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Building Bridges is Key to a Secure World Says 2014 Cobb Leadership Lecture Series Speaker

November 17, 2014
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Ret. Admiral James G. Stavridis, the former Supreme Allied Commander at NATO, said that bridges, not walls, are the key to security in the 21st century.

One of the most powerful leaders of the 21st century, Ret. Admiral James G. Stavridis, the former Supreme Allied Commander at NATO, says building bridges, not walls, is the key to a secure world.

“In the 20th century, when we wanted security, we built walls: the Maginot Line, the Iron Curtain, the Bamboo Curtain, the Berlin Wall. It failed,” Stavridis, now dean of The Fletcher School of Law and Diplomacy at Tufts University, said to an audience of alumni, faculty, staff and others at the School of Business Nov. 13. “Bridges are the key to security in the 21st century.”

Stavridis was invited to the University of Miami to deliver this year’s Cobb Leadership Lecture, a series former Ambassador Sue Cobb established in 1986 as a 50th birthday gift to her husband, University of Miami Trustee Chuck Cobb, also a former ambassador. Stavridis is also the author of The Accidental Admiral, which was published in October and details his time as NATO’s Supreme Allied Commander, a post previously held only by generals.

He began his talk by cataloging the many challenges world leaders face today, chief among them, violent extremism. He noted that ISIS (the Islamic State in Iraq and Syria) now has an income of $2 million to $6 million a day, generated from selling looted antiquities, oil, human trafficking, and other crimes. Unlike previous violent extremists, ISIS is “a very sophisticated entrepreneurial enterprise,” he said.

He also cited cybercrime at every level, and the troublesome situations in Syria, the Ukraine, Iran, and North Korea. “North Korea has both weapons of mass destruction and the ability to deliver them far away. Like in Ghostbusters, those are two streams you do not want to cross,” he said.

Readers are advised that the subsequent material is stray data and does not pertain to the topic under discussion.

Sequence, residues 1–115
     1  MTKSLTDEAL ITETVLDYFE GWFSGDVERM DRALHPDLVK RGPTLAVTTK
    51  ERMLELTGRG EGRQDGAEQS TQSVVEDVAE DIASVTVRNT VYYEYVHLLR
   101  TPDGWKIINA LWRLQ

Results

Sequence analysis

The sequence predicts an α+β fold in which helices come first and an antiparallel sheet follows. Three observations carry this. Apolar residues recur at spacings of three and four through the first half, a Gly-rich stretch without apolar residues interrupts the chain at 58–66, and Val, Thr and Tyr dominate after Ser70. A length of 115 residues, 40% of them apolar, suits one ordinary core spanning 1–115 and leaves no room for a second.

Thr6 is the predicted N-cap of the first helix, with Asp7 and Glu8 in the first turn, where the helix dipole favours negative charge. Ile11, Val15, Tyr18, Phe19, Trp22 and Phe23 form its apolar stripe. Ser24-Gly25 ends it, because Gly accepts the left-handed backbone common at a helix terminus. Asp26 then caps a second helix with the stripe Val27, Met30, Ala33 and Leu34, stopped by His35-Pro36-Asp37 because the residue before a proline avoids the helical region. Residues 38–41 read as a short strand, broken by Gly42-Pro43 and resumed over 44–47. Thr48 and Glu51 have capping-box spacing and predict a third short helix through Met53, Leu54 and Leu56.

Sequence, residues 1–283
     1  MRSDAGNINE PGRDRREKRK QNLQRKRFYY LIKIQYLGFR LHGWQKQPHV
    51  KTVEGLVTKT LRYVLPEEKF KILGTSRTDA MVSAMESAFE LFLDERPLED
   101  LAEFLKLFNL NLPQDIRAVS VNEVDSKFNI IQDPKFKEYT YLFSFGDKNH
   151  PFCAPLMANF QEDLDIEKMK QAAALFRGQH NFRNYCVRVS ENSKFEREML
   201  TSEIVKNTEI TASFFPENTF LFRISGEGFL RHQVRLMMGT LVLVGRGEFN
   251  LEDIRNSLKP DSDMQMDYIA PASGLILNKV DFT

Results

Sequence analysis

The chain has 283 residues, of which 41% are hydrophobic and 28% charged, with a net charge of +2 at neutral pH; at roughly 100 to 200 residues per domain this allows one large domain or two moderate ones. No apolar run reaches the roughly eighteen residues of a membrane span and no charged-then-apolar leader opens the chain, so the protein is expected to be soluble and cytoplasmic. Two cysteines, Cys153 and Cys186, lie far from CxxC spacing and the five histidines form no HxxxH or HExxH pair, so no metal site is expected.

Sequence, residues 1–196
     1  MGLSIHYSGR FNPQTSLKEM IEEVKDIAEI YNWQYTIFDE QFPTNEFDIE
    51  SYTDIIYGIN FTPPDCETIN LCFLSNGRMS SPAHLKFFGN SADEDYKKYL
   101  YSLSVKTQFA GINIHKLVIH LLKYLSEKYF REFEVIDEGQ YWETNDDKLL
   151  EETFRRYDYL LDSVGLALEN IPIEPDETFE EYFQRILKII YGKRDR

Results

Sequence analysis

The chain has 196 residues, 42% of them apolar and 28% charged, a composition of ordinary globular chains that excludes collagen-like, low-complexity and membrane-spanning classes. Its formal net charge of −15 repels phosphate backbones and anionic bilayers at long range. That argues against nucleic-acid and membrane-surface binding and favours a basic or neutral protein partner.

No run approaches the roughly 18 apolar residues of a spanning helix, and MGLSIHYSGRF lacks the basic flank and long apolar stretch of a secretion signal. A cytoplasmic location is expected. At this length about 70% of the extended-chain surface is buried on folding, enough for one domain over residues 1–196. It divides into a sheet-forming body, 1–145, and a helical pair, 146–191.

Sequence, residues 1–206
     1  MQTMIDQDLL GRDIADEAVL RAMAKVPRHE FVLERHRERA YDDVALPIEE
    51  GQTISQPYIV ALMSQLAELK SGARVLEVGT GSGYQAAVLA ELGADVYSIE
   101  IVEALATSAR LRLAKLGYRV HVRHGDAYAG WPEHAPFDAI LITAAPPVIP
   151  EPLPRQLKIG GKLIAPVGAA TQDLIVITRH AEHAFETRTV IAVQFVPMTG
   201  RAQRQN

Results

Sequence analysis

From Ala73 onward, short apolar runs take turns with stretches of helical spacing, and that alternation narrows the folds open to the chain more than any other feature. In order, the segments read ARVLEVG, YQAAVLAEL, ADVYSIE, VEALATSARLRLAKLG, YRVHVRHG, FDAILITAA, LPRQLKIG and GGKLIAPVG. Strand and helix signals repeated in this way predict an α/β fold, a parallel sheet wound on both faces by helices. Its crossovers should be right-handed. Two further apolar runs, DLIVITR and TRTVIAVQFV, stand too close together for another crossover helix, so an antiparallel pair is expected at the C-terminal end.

Calling Asia “the dog that hasn’t barked” and a place that will continue growing in global importance, Stavridis noted that China and Japan now have a similar relationship to that of Germany and Austria in 1914.

Turning to the region around Florida, he said poverty and enormous inequality is the biggest challenge, leading the disenfranchised to gangs and spurring the cocaine industry, which finances corruption and violence and undermines democracy.

In the face of such seemingly daunting challenges, Stavridis succinctly summed up his advice for the next generation of leaders. “Listen,” he said. “So often we tend to leap into action before we listen, and listening matters in building bridges.”

He also offered the same advice he gives students at The Fletcher School: Use your time to “build intellectual capital. Use your time to learn,” he said. “Study languages. To know another language is to know another life. Read novels. They build intellectual capital of a different sort than what you get from reading non-fiction.”

Amid all the challenges, Stavridis also detailed opportunities. “The United States still has a profoundly important role to play,” he said. “We have a strong economy, strong military, expanding demographics and are on our way to energy independence. It will take leadership to continue playing that role.”

And it takes leadership to build coalitions, which he asserted, really matter. Unilateral actions often fail, but NATO and coalitions like the one in Afghanistan are important because, after all, they build bridges.

“We are great at launching missiles; we need to get better at launching ideas,” Stavridis said. “Our opponents are innovators. They wake up every morning looking for ways to improve their margin and do better. We need to take our good ideas as leaders and move them on social networks, not just in traditional ways. We need to collaborate. No one of us is as smart as all of us thinking together.” 

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